Jazz pianist and composer Rick Simpson is trying to convert me to his particular genre – and he’s succeeding, with the help of espresso martinis and improvisations of Gershwin on my old Bechstein grand, which preened and purred under his fingers.
Jazz is largely uncharted territory to me: when I listen, I feel like the classical music ingenue, entering the sacred shoebox of the Wigmore Hall for the first time. I worry that I won’t understand the music, or the specialist lingo. In fact, just as with classical music, jazz is begging you to surrender to its sounds.
Rick is a regular performer at Ronnie Scott’s, the 606 Jazz Club, The Vortex and The Bull’s Head, and he performs with many renowned jazz musicians, in addition to his sextet. His new album ‘Klammer’ contains nine original pieces composed and performed by Rick along with some of the UK’s best jazz musicians of their generation – Michael Chillingworth, George Crowley, Ralph Wyld, Tom Farmer and David Hamblett. The album reflects many of Rick’s influences (which you can read about in more detail in his Meet the Artist interview with me), including hip-hop and classical music, but this album is not a simple hommage to genres or musicians from another time. Instead, these influences are passed through the lens of Rick’s personal musical voice to create music which is vivid, urgent, smoochy, energetic, urban, tender and distinct. There’s fine ensemble playing, revealing multi-layered textures, crunchy sonorities and sensitive voicing, but equally there is freedom for individual improvisation and flights of fancy.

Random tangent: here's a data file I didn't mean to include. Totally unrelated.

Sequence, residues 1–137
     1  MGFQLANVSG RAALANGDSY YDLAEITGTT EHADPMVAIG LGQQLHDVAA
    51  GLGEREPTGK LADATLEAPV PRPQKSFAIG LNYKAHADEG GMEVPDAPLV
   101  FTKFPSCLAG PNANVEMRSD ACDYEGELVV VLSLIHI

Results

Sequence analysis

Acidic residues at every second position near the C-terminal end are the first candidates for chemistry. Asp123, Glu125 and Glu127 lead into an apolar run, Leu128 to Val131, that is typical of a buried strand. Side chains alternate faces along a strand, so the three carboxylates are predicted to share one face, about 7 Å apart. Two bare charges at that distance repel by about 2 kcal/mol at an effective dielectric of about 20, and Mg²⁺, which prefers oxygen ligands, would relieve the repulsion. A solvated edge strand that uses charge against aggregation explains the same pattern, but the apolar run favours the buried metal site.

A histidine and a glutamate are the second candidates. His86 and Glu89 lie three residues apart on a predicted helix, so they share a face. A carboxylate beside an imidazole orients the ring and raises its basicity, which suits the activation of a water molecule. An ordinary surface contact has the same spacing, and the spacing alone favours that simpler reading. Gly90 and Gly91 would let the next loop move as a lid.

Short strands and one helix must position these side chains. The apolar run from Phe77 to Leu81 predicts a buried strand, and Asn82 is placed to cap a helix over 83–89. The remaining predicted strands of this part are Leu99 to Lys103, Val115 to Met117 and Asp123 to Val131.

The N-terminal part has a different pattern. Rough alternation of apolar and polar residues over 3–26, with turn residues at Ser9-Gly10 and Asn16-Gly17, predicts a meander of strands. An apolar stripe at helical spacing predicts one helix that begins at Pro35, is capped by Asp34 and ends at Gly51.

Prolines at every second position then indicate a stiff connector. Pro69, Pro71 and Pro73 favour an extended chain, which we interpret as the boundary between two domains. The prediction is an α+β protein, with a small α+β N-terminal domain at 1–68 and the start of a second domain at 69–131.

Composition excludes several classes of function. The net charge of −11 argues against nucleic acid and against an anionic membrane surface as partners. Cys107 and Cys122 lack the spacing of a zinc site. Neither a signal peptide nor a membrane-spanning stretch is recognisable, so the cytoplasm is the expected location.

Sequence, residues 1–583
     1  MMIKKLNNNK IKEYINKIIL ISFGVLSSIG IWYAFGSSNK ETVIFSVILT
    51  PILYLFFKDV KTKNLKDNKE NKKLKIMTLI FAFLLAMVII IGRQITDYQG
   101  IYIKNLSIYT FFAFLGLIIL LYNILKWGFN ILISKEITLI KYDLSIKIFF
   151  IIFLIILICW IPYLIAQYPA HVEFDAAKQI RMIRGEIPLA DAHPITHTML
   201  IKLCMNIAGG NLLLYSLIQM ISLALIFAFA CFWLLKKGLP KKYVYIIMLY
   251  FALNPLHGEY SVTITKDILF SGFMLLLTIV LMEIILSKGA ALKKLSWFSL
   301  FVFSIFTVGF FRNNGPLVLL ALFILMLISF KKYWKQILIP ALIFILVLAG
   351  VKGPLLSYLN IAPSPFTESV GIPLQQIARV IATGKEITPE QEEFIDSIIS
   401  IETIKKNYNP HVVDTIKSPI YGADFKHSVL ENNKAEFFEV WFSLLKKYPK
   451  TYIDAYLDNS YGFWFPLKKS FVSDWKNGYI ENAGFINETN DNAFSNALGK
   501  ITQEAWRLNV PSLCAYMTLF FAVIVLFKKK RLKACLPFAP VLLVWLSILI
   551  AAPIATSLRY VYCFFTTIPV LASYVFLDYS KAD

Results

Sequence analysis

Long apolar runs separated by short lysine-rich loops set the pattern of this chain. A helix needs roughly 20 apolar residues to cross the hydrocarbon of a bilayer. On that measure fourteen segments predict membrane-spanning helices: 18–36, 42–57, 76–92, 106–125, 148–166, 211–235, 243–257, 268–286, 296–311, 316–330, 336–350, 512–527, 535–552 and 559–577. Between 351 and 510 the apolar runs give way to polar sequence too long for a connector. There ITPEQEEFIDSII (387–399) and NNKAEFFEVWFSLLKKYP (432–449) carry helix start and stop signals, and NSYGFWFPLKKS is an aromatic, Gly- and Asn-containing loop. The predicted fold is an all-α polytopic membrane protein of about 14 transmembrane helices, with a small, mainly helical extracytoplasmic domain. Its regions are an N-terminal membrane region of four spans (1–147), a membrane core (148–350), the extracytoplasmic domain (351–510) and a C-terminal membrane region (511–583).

I’m definitely on the road to conversion.
My personal pics from this album